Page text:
As cliché as it sounds, the time is now for the Tigers to pounce on the rest of the American League. The Texas Rangers lost the best hitter on their team of the past five years or so to free agency in Josh Hamilton and the Yankees are so beat up that it looks like they may be starting Brennan Boesch in the outfield on Opening Day (gasp). The Toronto Blue Jays have made major upgrades to their roster this off-season, but a little thing called chemistry is still a very real factor. Just ask that 2008 Detroit Tigers roster.

Meanwhile, in the AL Central, the Indians and Twins are in rebuilding mode and don't look to be factors in this upcoming season. One must question Royals GM Dayton Moore for shipping phenom outfield prospect Wil Myers to Tampa Bay in a package for veteran pitcher James Shields, since the move looks more like a plan designed to put butts in the seats than it is a strategy to compete for the AL Central crown. Kansas City’s bark may very well be bigger than their bite in 2013.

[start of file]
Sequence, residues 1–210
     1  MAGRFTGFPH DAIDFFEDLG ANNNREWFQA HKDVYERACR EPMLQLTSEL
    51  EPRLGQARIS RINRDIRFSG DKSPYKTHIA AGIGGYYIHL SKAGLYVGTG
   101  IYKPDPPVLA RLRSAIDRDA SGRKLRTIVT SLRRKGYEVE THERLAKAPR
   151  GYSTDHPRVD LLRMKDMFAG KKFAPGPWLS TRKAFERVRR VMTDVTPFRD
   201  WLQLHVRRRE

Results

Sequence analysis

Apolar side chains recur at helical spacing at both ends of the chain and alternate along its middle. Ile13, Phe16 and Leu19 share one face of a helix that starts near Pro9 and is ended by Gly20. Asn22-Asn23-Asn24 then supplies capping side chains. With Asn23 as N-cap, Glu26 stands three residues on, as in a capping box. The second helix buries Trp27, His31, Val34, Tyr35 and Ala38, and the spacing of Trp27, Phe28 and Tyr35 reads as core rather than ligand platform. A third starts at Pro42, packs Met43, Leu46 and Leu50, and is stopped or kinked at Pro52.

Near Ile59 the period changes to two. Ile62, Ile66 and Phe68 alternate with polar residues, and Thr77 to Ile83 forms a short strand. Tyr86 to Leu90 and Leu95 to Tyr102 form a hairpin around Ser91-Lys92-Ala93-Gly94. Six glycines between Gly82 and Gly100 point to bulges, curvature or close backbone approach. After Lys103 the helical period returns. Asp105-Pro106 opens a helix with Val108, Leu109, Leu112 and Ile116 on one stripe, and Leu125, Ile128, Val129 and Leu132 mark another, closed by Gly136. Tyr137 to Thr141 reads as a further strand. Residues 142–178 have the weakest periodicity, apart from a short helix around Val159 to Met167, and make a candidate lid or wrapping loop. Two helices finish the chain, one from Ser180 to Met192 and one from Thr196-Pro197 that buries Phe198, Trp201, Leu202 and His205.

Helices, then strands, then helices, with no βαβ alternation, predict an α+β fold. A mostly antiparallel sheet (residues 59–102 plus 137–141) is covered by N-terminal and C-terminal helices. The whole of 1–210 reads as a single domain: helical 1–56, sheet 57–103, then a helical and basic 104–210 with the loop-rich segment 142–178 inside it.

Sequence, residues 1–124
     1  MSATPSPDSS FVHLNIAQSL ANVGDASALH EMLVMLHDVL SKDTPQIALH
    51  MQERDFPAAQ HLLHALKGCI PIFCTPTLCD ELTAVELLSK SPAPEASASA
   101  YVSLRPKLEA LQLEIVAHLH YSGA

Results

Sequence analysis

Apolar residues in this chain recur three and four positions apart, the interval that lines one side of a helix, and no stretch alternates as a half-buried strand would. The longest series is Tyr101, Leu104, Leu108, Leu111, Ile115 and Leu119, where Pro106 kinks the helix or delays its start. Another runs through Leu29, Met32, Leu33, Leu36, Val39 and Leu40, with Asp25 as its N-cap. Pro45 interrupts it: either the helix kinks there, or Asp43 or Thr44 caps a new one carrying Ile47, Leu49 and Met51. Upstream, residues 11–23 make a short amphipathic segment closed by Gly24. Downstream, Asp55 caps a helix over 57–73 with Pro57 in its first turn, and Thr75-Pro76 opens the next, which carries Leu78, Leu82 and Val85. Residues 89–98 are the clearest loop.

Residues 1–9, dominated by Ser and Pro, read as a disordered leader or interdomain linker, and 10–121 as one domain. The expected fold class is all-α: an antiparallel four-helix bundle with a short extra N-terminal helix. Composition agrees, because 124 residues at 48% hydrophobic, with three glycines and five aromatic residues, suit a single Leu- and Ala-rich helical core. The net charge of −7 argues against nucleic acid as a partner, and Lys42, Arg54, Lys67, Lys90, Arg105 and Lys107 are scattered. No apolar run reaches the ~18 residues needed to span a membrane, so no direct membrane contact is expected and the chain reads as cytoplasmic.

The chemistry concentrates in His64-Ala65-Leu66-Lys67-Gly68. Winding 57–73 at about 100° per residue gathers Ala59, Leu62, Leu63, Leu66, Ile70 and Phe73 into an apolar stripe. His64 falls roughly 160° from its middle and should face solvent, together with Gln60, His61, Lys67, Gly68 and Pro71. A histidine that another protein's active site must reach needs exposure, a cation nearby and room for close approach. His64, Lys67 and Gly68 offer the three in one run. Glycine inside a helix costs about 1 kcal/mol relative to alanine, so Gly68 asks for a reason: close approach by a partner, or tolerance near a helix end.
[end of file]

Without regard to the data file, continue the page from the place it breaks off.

That leaves us with those pesky Chicago White Sox. The Sox had had the Tigers number for what seemed like an eternity, besting the Tigers by a record of 58-36 from 2005-2009. But since then, the Tigers have turned the tide, going 35-19 against them. The White Sox pretty much stood pact this off-season, as far as roster moves are concerned, but that roster gave the American League fits for much of last year. When it comes down to it though, neither their lineup nor their pitching staff is as deep or as effective as the Tigers, and all signs point to a 95+ win season for the Motor City Kitties, barring major injury. Just sit back and enjoy the ride, Detroit.